As the second COVID-19 wave continues to ravage the country, it is now clear that universal and swift vaccination is the only way out to mitigate the effects of the pandemic. But with only 3% and 10.4% of the total population estimated to have taken the second and a single dose, respectively, the goal of vaccinating a substantial number of people to achieve immunity against SARS-CoV-2 and its variants, remains a tall order for India. Supply constraints in delivering the only two vaccines available to Indians so far — Covishield and Covaxin — (the Russian-developed Sputnik V vaccine has just been deployed) are one of the reasons why the pace of vaccination has fallen. Karnataka and Maharashtra have halted vaccination for the 18-44 age group to address this as well. While the manufacturers, Serum Institute of India and Bharat Biotech, have promised an augmentation in production capacity, the dependence on them till other vaccines, including those from abroad, are made available over the long term, will remain a constraint in the pace of vaccination and expose much of the population to the possibility of infection. India has rightly sought (along with South Africa) a temporary waiver of provisions in the TRIPS Agreement to facilitate universal access to COVID-19 vaccines. But the Centre has done nothing to bring vaccines and medicines under a statutory regime in India to allow for wider availability and a diversity of options.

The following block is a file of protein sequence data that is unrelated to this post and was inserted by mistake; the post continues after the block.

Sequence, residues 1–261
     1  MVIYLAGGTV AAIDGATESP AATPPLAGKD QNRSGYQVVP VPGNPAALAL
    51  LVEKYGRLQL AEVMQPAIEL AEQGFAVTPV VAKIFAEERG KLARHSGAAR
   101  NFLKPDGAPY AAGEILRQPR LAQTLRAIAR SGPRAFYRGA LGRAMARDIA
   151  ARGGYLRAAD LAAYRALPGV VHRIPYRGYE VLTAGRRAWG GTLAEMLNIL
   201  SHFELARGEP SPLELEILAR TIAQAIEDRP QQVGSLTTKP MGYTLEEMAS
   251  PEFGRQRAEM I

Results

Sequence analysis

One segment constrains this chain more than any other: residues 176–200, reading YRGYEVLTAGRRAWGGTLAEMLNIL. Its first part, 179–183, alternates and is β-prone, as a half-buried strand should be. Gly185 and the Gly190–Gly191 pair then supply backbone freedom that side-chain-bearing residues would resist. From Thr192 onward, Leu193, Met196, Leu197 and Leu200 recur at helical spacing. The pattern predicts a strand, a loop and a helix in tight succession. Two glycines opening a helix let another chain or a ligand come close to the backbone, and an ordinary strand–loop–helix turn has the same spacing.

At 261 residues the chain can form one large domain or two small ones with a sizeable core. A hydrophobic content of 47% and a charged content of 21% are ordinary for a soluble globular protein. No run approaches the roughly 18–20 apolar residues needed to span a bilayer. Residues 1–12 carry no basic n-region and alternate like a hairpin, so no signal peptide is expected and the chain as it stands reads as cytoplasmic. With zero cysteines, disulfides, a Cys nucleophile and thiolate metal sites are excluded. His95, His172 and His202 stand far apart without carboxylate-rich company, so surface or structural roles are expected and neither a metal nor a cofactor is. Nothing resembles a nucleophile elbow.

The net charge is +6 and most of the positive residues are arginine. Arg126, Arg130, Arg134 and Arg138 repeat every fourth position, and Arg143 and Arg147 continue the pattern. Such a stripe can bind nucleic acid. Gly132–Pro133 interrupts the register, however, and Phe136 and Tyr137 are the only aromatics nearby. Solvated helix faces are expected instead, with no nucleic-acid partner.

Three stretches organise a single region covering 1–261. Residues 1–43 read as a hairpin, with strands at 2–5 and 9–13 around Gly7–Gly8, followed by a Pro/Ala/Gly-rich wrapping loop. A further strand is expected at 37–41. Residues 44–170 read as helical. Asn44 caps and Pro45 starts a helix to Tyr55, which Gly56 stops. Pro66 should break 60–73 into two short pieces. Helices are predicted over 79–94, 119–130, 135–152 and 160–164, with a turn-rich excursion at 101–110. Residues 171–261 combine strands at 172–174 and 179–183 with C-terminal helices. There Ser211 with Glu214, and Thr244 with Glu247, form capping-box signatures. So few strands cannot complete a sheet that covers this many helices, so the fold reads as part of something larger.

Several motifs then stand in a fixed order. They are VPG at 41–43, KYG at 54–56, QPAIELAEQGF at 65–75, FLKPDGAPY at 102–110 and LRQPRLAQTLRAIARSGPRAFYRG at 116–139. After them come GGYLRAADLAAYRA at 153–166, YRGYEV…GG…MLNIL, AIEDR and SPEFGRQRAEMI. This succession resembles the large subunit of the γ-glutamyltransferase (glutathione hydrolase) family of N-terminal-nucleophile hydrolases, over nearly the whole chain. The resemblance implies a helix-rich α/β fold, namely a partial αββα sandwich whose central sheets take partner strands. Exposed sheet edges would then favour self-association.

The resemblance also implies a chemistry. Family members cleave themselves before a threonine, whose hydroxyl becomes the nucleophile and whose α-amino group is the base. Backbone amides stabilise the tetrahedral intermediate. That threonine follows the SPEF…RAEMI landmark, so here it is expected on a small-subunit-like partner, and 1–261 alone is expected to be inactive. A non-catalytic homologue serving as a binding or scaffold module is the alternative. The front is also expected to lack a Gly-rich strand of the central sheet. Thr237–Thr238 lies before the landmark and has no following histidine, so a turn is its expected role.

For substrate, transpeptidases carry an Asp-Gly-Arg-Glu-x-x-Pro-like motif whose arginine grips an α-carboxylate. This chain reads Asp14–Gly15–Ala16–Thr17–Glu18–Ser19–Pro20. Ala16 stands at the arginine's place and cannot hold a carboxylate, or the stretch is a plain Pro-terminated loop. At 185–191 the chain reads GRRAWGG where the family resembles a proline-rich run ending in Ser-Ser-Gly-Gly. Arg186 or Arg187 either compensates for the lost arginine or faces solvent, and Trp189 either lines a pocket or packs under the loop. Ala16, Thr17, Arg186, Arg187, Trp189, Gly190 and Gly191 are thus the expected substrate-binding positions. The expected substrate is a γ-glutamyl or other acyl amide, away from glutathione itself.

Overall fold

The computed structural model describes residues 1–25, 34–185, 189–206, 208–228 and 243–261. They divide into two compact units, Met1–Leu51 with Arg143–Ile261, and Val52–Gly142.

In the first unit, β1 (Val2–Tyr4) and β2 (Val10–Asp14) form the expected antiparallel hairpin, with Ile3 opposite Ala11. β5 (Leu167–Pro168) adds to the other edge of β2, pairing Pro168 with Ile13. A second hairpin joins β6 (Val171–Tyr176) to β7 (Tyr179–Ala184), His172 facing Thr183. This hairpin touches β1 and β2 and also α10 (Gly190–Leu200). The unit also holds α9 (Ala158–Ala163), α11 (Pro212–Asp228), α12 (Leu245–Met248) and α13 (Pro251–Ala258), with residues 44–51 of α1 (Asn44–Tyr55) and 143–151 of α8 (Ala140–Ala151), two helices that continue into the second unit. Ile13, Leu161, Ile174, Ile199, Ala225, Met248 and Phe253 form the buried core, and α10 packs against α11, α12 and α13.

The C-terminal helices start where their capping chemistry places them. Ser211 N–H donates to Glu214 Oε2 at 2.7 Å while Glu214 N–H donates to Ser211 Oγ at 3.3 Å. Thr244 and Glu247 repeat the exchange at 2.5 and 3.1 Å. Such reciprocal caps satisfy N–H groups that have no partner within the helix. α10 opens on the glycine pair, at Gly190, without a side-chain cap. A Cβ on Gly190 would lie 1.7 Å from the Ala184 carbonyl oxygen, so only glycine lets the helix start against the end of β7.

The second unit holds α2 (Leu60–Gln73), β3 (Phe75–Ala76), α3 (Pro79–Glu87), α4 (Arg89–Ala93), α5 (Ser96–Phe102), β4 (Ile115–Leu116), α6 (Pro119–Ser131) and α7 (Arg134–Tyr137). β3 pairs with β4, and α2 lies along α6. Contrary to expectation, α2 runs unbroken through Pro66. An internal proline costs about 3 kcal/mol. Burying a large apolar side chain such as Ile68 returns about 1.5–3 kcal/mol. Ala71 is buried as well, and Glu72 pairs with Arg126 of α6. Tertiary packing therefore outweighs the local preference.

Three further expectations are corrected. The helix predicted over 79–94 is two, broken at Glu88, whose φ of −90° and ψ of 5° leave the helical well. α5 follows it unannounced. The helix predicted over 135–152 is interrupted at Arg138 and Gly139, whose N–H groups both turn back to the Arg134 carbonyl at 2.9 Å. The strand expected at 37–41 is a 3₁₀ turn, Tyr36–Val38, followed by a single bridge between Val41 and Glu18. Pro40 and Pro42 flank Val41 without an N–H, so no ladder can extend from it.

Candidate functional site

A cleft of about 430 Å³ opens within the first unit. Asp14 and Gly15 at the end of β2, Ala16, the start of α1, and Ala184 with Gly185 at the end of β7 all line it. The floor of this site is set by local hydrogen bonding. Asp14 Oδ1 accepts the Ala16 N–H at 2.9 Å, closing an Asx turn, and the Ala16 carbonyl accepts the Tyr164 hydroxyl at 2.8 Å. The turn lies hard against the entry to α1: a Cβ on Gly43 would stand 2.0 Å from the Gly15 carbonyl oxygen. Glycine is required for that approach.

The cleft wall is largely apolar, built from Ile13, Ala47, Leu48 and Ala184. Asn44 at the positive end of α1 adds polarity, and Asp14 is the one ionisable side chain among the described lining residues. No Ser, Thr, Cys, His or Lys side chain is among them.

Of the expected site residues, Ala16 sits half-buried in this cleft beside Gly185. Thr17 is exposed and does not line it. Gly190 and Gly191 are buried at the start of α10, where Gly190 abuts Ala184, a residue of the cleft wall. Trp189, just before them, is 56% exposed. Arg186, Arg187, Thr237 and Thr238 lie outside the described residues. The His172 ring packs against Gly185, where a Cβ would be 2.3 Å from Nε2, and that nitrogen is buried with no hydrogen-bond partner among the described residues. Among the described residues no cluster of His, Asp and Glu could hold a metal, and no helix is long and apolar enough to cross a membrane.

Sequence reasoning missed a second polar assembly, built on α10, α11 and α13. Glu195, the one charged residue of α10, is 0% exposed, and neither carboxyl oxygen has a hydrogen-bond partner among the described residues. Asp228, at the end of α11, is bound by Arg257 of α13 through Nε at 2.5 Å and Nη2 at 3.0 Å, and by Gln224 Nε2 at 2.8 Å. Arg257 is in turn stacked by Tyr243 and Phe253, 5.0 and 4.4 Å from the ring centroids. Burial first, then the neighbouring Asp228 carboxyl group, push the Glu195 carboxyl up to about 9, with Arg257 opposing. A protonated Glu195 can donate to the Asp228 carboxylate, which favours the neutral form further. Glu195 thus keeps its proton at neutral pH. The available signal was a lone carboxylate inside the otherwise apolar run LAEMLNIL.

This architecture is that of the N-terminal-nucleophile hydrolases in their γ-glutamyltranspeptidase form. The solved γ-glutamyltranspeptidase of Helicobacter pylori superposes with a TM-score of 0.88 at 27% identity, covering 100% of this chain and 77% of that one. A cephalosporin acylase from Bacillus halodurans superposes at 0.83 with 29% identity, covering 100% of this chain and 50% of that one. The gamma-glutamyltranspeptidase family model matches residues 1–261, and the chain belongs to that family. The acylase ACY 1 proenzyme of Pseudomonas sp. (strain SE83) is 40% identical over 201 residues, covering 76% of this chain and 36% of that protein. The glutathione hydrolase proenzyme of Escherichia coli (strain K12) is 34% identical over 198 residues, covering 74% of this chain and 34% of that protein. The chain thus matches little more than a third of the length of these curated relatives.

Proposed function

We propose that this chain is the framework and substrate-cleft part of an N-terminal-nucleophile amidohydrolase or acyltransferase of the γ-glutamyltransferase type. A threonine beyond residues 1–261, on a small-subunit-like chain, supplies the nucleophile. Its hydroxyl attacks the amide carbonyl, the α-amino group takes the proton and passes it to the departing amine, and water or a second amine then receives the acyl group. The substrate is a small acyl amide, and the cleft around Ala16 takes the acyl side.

In fact, the Centre’s submission to the Supreme Court that the “exercise of statutory powers… under the Patents Act, 1970… can only prove to be counter-productive at this stage”, is clearly contradictory to its international position for a temporary waiver in the TRIPS Agreement. The Agreement allows exceptions to the rights of patent owners by grant of compulsory licences. Section 100 of the Patents Act, 1970, allows the Centre to license specific companies to manufacture the vaccines, while Section 92 of the Act allows the Centre to issue a compulsory licence in circumstances of a national or an extreme emergency. Considering the impact of the second wave, the daily toll and the high case load, the Centre should revisit its rigid and contradictory stance on the issue of compulsory licensing that would allow the manufacture of vaccines and important drugs without the consent of the patent holder. In the case of Bharat Biotech’s Covaxin, which was developed in collaboration with the publicly funded ICMR and the NIV, even this route is redundant. The ICMR can license other public sector vaccine manufacturers to help augment its supply over the medium term. As of now, two central PSUs, Indian Immunologicals Ltd and BIBCOL, have already entered into a technology transfer agreement with Bharat Biotech, besides the Haffkine Bio-pharmaceutical Corporation based in Mumbai. Other manufacturers can also re-purpose their plants to produce the vaccine.